The Sony Alpha A77 features an impressive spec that puts its rivals in the shade. Just how good is it? Find out in the What Digital Camera Sony Alpha A77 review...
Launched back in 2007, the Alpha A700 was the last time we saw Sony release an high-end enthusiast DSLR. It was the company’s second DSLR since taking over the imaging division of Konica Minolta in 2006, and while it was well received, its main rivals from Canon and Nikon still had a clear edge. Unless you had a stack of existing lenses, then it was hard to make a case for the Alpha 700 over the competition.
Four years on and Sony has gone for a much more aggressive approach with its successor, the Alpha A77. The impressive spec sheet put its rivals in the shade, while its SLT build and, therefore, electronic viewfinder (EVF) make it a less conventional camera than a typical DSLR. Will the A77 be the camera that’ll keep the engineers at Canon and Nikon awake at night and put SLT firmly on the map? Let’s find out…
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Sony Alpha A77 review – Features
One of the headline-grabbing elements of the Alpha A77’s specification has to be the sensor. The 24.3MP APS-C CMOS sensor eclipses anything seen on an APS-C DSLR and most full-frame DSLRs, only beaten by the 24.5MP Nikon D3X and 24.6MP Sony Alpha A900. With the help of the next generation BIONZ image processor, the ISO range runs from 100-16,000, and can be expanded to a low ISO equivalent setting of 50. As well as this, there’s also Multi Frame Noise Reduction where the camera takes multiple shots which are then merged into a single file, allowing you to shoot above the ISO 16,000 ceiling if required. It’s a JPEG-only option however as serious in-camera processing is required.
Because of the vast resolution on offer, the SLT-A77 also supports two crop modes: The Smart Teleconverter allows you to shoot with a 1.4x crop at a resolution of 12MP or a 2.0x crop with a resolution of 6MP. This means that as well as the 1.5x crop that’s applied for the APS-C sized sensor, a 200mm lens for instance will provide an equivalent reach of 420mm with the 1.4x crop and 600mm with 2.0x crop – both at good, useable resolutions.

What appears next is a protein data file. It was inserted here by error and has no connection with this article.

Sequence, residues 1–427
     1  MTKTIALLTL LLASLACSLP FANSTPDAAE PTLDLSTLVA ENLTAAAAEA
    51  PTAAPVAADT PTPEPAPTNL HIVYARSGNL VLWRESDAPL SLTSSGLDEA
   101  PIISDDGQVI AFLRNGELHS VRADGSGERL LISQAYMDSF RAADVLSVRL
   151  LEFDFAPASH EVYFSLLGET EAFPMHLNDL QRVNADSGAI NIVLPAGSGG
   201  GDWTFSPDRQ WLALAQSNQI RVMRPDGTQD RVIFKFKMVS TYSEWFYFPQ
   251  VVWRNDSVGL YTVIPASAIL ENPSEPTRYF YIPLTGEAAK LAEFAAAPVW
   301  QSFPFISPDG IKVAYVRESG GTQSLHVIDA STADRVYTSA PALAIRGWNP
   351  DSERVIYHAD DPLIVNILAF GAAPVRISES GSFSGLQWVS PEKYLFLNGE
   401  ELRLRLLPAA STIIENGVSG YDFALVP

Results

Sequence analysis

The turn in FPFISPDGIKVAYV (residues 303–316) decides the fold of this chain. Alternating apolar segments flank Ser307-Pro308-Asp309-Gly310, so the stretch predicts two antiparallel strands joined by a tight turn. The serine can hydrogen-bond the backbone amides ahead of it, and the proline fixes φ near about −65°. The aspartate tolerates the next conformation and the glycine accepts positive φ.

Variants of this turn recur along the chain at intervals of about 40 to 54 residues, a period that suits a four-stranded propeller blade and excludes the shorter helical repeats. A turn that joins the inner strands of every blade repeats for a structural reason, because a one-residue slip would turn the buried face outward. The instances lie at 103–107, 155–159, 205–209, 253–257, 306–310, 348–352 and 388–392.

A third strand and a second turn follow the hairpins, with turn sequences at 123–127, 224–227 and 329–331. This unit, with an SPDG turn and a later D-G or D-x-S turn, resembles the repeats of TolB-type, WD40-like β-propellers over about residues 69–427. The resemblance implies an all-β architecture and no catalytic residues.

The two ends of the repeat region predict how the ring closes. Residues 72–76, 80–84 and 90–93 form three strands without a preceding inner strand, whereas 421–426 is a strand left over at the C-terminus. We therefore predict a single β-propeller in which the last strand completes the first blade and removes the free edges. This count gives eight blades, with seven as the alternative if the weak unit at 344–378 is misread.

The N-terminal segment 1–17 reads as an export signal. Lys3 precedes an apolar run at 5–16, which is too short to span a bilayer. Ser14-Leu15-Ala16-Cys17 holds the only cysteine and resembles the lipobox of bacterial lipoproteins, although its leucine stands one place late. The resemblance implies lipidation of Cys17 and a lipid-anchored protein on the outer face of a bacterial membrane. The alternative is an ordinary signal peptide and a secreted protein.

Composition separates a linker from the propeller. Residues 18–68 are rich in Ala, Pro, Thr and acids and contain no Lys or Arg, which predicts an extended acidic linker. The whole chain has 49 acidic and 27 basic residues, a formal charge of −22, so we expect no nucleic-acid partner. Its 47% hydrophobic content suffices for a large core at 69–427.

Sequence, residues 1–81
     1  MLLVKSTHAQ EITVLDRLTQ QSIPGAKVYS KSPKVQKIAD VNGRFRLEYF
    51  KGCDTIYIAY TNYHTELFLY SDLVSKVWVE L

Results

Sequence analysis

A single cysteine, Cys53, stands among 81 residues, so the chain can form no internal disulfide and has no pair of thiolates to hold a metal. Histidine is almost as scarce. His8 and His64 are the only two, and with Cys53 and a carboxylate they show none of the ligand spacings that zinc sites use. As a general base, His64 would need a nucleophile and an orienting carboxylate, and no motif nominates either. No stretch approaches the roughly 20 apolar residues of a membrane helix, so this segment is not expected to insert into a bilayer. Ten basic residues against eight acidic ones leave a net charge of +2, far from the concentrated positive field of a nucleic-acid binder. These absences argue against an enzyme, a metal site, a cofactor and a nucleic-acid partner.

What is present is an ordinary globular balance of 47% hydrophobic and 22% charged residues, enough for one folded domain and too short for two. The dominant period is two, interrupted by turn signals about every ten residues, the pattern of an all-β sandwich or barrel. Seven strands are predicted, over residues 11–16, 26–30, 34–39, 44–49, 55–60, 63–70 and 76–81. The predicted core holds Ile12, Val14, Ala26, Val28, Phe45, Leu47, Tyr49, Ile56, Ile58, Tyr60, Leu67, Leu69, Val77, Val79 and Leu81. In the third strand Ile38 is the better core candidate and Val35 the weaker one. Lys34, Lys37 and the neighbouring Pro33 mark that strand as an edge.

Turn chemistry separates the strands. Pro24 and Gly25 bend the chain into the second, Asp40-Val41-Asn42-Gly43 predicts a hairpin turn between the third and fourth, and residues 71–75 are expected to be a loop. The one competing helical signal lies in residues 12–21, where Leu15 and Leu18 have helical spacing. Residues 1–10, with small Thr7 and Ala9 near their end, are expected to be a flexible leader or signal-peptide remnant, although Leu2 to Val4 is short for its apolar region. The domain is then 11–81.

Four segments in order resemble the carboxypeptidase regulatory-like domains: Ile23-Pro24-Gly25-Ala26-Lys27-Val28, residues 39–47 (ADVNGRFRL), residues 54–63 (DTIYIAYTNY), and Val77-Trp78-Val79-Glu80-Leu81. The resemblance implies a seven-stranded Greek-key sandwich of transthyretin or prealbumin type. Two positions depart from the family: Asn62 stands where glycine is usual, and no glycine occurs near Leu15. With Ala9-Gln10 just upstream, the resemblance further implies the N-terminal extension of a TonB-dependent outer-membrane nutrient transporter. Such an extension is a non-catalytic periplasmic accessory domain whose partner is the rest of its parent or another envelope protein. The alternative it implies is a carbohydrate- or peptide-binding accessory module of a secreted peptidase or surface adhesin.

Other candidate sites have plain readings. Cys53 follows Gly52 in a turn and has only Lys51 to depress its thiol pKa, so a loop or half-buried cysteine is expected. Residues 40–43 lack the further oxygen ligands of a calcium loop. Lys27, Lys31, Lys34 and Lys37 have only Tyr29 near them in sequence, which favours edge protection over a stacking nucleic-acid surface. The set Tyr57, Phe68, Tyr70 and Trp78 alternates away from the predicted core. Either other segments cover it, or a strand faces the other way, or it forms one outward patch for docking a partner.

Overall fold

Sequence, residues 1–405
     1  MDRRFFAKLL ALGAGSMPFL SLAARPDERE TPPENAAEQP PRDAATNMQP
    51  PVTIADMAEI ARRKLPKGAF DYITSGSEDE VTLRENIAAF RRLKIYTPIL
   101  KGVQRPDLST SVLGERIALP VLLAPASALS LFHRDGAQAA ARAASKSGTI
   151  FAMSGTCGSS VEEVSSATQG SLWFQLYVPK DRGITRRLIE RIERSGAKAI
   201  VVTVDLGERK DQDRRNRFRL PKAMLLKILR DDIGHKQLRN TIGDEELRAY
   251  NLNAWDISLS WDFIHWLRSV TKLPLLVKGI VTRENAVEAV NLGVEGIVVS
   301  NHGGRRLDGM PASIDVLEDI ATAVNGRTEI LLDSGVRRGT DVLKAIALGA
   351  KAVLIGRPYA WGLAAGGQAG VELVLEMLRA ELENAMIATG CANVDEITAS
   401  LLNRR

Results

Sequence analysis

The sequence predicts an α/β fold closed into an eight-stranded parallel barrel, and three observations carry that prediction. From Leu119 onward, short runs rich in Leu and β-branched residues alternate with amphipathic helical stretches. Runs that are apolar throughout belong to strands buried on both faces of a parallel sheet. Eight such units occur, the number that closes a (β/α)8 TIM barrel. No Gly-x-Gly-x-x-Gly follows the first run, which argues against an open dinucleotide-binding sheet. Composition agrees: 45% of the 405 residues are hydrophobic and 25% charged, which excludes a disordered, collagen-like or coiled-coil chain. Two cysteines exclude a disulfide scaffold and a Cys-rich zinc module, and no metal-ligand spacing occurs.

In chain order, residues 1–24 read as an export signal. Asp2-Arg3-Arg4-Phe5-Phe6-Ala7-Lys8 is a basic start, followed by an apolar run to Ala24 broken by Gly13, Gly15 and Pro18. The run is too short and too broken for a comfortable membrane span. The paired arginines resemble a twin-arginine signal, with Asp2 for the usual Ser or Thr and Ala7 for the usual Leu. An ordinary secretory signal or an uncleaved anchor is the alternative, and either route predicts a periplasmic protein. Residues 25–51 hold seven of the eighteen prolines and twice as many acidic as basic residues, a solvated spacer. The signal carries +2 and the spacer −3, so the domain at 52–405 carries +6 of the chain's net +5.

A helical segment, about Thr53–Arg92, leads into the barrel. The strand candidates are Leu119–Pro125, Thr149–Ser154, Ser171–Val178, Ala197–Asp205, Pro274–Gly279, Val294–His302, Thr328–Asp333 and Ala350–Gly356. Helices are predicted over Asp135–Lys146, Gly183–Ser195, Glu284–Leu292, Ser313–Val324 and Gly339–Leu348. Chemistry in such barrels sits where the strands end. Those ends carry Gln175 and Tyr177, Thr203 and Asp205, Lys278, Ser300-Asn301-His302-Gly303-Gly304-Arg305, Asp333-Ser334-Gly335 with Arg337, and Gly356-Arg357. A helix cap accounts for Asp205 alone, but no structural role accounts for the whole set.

Sony has decided to implement the translucent mirror technology (SLT) that we first saw in the Alpha A55 and A33 last year, and more recently the Alpha A35. Out goes the moving mirror and pentaprism found in a DSLR, replaced by a fixed, semi-transparent mirror, giving the Alpha 77 its Single Lens Translucent (SLT) status.
Here’s how SLT works: About two thirds of the light coming through the lens travels through the mirror to the sensor, with the rest bounced up to the AF sensor. The benefit of this is that autofocus can remain in action even when a shot is fired – on a traditional DSLR, the mirror is raised and AF interrupted very briefly when the shutter is triggered. Therefore an SLT’s burst frame rate can also be improved, often drastically, as the A77’s 12fps continuous shooting proves. The optical viewfinder of a DSLR is sacrificed however, replaced by an electronic one.
The SLT solution hasn’t always been a popular solution, as electronic viewfinders (EVF) haven’t had the same clarity or responsiveness as a traditional optical viewfinder. The XGA OLED (Organic Light Emitting Diode) TruFinder in the Alpha 77 is the highest spec EVF we’ve seen however, with a resolution of 2.36 million dots that Sony hopes will make you forget you’re using an EVF.
The Alpha A77 also features a 19-point selectable AF system with Quick Tracking AF, while 11 of the 19 AF points are cross-type, being sensitive to both vertical and horizontal orientation. These work at apertures of f/5.6 or wider, rather than f/2.8, which most other systems require, so fast and expensive lenses to get the full benefit of the AF system aren’t essential. Because a portion of the light hitting the semi-transparent mirror is directed to the AF sensor above the mirror, phase-detect AF is possible, rather than the slower contrast-detect method found in most other mirrorless cameras.